Cary tenant says unit's A/C problems put her small children at risk

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Residents with no air conditioning still seeking answers from apartment complex (WTVD)

A Cary family said they had to leave their rental apartment because of ongoing air-conditioning issues that they said created a dangerous situation for their two young children.

Chelsea Guy-Johnson gave birth to her daughter just six days ago. The baby was born about four weeks premature but was able to go home.

For now though, "home" is a family member's house in Durham.

Guy-Johnson said maintenance at her apartment complex, Woodlyn on the Green in Cary, has only been able to offer temporary fixes, but no long-term solution.

"They just keep pouring on Freon and that's just going to go out basically, and then they're going to have to keep pouring it on. So it can be air for one day or air for a couple days. And then it's going to be out, and they're just going to continue it. And I told them that's not, that's not going to work," she said.

She also has a 3-year-old son, Gabriel, who suffers from asthma. The increasingly high-temperatures outside make A/C more important than ever for her young family.

"I see a report every week about children being left in cars or in the heat, and that automatically makes me extremely nervous," Guy-Johnson said.

Off camera, Woodlyn on the Green told ABC11 that it tried to contact Guy-Johnson on Tuesday to address her concerns. As far as the management is aware, the A/C issue has been resolved, and Guy-Johnson is encouraged to contact the office with any further needs.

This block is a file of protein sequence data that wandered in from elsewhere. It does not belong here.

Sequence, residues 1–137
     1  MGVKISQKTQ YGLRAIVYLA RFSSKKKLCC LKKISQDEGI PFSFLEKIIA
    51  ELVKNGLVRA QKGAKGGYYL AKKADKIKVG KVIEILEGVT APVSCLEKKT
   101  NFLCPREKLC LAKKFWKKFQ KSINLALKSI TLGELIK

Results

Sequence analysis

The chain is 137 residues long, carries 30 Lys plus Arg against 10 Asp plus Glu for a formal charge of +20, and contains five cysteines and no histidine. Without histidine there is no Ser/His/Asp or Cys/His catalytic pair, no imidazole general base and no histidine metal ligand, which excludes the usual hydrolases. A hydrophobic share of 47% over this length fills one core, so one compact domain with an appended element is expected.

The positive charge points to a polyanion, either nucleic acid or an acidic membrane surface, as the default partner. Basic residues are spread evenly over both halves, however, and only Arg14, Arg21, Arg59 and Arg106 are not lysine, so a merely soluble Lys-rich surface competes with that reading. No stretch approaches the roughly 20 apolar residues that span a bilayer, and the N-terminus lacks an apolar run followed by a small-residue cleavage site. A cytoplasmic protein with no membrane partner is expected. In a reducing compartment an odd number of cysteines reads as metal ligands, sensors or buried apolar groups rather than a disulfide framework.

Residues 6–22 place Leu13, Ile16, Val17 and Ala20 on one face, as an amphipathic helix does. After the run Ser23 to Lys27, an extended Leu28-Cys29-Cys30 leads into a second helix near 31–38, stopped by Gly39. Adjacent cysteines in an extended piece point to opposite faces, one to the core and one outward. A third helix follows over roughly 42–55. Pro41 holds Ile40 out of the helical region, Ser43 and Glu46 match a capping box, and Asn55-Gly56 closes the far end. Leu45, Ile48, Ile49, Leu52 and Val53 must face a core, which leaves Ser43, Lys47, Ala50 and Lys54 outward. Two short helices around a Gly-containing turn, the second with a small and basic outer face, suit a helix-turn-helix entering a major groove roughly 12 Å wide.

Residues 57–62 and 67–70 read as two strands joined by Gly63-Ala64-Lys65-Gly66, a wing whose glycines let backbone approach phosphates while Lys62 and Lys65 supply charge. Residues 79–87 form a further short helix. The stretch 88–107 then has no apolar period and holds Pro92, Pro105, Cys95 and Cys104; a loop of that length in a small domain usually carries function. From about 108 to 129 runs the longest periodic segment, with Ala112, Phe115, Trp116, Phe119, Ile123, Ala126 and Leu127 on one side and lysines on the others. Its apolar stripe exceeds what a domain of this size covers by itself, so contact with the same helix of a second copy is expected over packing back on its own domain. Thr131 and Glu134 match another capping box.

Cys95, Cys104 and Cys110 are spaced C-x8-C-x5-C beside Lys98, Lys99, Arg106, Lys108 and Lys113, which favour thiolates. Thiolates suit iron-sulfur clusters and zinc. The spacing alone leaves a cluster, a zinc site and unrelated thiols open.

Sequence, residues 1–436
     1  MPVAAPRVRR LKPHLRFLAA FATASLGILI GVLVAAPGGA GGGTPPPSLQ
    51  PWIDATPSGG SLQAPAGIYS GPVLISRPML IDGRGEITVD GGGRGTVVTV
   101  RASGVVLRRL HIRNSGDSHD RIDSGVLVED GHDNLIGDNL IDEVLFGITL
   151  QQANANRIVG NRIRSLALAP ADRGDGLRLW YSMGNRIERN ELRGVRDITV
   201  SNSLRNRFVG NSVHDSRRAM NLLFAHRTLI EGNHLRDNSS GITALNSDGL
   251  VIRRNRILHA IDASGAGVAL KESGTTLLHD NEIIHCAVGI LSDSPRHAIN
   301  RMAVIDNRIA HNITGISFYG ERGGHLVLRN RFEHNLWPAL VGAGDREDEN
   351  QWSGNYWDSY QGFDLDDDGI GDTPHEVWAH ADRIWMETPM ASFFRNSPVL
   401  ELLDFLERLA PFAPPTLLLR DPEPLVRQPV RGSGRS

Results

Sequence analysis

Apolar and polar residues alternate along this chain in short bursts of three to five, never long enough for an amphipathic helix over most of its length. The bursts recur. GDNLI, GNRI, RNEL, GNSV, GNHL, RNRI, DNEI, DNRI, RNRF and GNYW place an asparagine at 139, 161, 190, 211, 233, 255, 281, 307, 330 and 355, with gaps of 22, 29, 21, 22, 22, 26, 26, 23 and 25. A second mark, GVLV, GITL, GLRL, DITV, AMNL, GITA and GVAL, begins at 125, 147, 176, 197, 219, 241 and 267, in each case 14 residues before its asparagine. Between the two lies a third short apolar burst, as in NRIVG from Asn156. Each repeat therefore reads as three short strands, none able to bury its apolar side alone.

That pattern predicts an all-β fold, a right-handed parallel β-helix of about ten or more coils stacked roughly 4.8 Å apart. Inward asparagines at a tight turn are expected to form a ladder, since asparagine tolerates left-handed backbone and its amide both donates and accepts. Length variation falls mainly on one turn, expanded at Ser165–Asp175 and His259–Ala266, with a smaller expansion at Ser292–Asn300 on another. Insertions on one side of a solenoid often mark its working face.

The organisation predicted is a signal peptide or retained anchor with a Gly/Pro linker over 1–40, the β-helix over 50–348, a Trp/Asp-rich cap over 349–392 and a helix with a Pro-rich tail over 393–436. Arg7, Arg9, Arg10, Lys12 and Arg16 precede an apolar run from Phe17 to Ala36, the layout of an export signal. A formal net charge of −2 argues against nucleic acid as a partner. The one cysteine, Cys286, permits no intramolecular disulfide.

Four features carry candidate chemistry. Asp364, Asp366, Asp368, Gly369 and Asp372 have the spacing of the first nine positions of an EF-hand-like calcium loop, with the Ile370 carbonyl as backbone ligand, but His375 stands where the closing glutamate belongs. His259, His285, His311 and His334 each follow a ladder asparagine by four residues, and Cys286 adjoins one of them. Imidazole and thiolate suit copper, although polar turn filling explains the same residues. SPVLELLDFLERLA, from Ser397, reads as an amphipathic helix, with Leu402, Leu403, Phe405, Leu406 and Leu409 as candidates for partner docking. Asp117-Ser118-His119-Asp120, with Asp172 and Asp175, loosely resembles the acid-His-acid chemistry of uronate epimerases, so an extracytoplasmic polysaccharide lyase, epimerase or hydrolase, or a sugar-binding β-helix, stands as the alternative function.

Guy-Johnson said she was not aware of any other apartments in the complex with A/C concerns.

She has already paid her rent through July and is now exploring legal options to get out of her remaining lease and recoup her funds.

Each respective city and town has their own regulations in how to deal with a rental agency or landlord who does not make repairs.

In Cary, landlords must ensure their property meets the "minimum housing" code, and you can file a complaint if they don't.

In Durham, tenants can file complaints with the Department of Neighborhood Improvement Services.

In Orange County, the Landlord's Obligation requires landlords "to make any and all repairs necessary to ensure that your housing unit and the common areas are safe and fit."

In Raleigh, tenants are encouraged to send their complaints to their landlord or property manager in writing in order to keep a copy for their records. Until the owner or landlord is notified of the problem, they are generally not responsible for fixing it. They further add that "The landlord must fix any of the "imminently dangerous" conditions also within a reasonable amount of time once they know of the condition. What is considered a reasonable amount of time will depend on the severity of the condition or how bad it is."

To read more about Raleigh's housing policies, click here.
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